So what will we offer you on Saturday? Defensively we’re mostly sound. Our centre-back pairing of Hayden Mullins and Haydn Hollis steered us to safety when all seemed lost last season, with Blair Adams and Mustapha Dumbuya either side of them. In the middle of the park you’ll certainly see the evergreen Gary Jones who has been an almost fossilised-revelation since joining late in the Summer. Alongside him should be Alan Smith who maybe has seen better days? His early season form was beyond all expectation, but we’ve not seen that same player since returning from injury.

Garry Thompson our top scorer will feature somewhere, either on the wing or up front. But quite where we go from there is a mystery, such is Derry’s ability to keep you guessing. Up front will likely be Ronan Murray, but youth team striker Colby Bishop has impressed in his last two appearances and will certainly push for a place in the starting XI.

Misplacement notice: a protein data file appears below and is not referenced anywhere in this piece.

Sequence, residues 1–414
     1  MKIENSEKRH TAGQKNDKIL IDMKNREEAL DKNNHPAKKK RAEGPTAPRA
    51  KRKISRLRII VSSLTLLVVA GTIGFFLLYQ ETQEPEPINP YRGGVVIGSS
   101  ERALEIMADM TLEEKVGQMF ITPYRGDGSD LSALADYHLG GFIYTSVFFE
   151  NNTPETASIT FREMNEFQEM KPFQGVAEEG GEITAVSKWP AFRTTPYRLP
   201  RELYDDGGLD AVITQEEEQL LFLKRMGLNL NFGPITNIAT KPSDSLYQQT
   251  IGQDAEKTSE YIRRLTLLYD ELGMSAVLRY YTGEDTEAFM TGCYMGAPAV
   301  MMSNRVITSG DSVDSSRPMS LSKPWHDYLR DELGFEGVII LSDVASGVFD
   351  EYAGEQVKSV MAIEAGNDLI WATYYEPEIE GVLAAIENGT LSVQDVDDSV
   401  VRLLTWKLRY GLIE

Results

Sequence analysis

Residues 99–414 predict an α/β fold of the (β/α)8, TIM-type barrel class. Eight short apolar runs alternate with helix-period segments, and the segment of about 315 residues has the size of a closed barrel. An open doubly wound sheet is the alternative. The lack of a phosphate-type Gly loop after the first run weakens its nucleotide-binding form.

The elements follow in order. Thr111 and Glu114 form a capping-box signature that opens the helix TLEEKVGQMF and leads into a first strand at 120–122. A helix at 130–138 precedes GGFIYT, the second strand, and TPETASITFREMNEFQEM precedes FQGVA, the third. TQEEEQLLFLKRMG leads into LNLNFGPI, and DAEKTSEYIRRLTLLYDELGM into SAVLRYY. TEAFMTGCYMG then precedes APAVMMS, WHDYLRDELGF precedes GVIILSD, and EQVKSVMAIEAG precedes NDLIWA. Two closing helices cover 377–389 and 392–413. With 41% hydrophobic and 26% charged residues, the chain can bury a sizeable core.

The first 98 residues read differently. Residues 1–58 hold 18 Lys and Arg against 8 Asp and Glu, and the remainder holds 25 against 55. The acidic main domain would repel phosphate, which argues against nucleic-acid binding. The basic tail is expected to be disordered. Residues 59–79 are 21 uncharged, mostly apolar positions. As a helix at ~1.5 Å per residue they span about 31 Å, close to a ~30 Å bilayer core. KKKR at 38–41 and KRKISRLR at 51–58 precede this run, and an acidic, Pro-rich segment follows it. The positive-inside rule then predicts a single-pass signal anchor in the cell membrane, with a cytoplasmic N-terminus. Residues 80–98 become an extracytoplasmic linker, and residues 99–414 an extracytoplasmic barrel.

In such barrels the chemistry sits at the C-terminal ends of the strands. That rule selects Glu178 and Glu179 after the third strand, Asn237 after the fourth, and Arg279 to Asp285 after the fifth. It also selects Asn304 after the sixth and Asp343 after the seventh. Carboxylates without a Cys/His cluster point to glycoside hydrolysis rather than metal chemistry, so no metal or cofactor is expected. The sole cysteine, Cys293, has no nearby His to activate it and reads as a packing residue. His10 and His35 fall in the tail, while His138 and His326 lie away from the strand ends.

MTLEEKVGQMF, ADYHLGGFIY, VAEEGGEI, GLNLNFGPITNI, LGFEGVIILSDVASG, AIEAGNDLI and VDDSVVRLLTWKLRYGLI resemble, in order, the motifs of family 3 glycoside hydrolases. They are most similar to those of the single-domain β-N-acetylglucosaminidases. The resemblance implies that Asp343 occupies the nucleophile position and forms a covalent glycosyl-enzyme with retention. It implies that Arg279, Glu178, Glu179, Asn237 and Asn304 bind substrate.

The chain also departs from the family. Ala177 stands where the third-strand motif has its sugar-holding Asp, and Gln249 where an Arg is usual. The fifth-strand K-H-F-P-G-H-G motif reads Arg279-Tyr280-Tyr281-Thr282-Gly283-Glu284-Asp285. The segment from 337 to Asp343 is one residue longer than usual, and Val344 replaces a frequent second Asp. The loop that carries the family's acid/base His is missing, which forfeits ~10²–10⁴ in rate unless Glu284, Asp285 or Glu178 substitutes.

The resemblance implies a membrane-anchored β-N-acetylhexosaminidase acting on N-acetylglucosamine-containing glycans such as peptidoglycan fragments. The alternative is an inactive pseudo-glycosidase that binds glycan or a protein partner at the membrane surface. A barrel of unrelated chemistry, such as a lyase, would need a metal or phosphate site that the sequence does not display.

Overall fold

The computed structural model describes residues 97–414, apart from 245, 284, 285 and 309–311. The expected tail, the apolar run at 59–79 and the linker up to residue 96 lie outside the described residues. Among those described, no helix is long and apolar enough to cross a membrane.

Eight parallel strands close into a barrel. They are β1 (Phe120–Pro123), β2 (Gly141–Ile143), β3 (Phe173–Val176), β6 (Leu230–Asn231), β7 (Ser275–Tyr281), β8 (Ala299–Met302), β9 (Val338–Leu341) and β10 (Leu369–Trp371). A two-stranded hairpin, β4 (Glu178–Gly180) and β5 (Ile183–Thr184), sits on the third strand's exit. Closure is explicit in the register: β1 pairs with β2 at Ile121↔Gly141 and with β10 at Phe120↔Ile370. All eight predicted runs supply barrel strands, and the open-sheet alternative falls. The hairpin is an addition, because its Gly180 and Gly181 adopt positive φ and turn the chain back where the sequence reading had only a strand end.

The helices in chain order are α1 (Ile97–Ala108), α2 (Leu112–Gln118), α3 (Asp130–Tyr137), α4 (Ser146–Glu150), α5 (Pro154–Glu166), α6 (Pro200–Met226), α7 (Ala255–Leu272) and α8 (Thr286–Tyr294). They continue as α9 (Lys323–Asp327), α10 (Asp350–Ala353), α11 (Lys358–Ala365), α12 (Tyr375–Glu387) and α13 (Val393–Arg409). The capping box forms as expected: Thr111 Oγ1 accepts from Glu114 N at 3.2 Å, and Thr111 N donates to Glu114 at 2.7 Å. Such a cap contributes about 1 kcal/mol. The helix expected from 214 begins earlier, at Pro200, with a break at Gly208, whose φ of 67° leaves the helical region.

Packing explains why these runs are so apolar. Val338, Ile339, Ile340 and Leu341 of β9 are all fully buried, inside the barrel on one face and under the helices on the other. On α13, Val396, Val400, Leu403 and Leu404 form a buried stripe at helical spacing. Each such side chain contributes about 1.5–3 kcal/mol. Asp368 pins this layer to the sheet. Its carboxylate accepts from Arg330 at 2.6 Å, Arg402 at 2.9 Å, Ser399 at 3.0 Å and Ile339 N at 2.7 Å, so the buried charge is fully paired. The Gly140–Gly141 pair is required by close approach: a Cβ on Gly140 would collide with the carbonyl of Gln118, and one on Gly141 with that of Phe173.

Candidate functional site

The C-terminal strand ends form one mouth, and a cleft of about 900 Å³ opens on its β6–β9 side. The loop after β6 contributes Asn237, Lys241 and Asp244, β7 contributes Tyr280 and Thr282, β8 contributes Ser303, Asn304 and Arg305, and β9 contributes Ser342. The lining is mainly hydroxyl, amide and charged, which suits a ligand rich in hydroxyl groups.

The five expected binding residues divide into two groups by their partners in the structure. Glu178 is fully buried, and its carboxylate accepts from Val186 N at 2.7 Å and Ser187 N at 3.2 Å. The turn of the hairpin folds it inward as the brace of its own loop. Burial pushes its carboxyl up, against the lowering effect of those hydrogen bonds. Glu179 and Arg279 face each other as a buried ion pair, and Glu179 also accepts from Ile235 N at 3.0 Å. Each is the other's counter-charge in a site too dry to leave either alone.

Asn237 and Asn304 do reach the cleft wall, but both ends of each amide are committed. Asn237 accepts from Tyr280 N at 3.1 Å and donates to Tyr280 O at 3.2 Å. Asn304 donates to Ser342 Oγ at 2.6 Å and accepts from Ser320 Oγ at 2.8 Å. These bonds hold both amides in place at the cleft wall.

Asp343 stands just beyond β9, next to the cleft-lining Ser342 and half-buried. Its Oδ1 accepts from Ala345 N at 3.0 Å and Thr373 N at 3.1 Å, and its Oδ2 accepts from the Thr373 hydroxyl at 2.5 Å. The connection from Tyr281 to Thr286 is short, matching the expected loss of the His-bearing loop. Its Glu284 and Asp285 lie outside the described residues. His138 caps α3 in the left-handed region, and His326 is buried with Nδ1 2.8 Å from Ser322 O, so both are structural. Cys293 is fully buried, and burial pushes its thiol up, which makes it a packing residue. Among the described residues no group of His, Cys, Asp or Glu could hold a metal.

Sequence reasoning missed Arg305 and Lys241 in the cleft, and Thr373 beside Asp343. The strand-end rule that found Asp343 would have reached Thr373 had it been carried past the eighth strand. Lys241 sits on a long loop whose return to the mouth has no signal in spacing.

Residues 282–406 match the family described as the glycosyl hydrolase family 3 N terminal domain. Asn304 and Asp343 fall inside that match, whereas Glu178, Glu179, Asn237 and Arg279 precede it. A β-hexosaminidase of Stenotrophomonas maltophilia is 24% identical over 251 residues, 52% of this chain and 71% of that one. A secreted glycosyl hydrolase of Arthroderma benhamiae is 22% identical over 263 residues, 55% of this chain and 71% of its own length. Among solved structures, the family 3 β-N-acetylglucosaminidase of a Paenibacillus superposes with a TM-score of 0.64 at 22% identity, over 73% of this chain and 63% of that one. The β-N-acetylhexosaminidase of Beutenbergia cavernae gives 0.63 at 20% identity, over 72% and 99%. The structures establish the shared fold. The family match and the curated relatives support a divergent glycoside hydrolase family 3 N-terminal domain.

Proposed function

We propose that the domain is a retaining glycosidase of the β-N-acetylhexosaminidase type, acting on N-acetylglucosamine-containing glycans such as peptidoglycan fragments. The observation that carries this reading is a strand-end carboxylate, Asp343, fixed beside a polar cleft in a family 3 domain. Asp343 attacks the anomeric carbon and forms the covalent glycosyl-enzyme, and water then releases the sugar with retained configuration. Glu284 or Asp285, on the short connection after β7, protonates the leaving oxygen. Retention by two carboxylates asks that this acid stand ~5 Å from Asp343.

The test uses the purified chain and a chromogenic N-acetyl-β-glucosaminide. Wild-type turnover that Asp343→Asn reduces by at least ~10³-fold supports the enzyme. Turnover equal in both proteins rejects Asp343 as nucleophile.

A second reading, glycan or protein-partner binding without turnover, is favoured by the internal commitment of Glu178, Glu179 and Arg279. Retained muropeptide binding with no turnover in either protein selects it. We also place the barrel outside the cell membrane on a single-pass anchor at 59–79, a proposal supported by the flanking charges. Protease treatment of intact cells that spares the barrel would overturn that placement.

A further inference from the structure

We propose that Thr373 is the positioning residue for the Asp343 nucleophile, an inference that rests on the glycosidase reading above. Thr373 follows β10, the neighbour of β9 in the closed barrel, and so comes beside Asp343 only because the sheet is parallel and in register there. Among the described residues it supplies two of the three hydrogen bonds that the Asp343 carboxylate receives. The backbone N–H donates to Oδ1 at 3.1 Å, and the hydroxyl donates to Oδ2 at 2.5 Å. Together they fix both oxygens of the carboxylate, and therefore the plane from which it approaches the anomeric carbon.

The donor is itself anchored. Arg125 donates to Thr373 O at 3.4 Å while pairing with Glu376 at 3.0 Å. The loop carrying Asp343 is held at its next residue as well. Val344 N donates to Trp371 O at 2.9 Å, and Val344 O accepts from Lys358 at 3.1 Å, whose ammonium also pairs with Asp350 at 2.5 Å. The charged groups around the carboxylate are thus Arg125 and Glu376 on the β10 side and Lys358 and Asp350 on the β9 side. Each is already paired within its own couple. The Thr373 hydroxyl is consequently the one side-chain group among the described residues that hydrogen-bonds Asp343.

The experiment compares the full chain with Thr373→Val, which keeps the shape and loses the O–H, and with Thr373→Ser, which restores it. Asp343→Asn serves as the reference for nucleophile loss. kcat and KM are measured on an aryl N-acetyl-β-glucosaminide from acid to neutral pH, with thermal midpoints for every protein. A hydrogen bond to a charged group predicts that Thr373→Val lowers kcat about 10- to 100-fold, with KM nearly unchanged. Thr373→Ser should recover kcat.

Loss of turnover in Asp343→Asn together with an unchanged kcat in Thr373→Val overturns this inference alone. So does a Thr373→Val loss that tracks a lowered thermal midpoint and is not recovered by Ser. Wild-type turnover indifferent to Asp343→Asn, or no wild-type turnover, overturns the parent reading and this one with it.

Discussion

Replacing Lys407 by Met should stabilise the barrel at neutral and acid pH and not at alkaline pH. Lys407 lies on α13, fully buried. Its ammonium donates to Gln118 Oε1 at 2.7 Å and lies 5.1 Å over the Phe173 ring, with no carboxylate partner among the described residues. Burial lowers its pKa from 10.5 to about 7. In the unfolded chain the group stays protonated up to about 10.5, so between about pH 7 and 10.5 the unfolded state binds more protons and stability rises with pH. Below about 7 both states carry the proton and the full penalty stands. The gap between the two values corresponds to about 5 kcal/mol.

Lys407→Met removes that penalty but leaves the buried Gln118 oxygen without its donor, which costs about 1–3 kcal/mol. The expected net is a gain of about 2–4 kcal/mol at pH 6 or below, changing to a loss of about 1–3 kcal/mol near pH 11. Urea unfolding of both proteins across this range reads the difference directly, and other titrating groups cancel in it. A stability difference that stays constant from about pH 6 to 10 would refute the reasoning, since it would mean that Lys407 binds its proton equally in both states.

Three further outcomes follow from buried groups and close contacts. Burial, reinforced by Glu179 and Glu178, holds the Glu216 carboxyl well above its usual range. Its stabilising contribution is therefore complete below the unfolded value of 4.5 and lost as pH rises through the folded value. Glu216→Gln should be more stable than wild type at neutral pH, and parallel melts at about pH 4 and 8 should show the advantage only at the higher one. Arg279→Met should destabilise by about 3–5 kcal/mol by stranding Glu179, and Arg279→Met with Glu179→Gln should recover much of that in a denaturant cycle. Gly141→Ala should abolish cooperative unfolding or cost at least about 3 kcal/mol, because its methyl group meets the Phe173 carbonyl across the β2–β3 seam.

Ultimately, does it really matter though? We all know what Bristol City are about and this will be about as big an ask as we’ll face all season. Not that whoever starts for Notts will be overawed by what’s in front of them – but I think we’re all aware it’s going to be a long day at the office.

My sincere thanks to both. 
Here's to a hugely successful 2015! COYR!

The Exiled Robin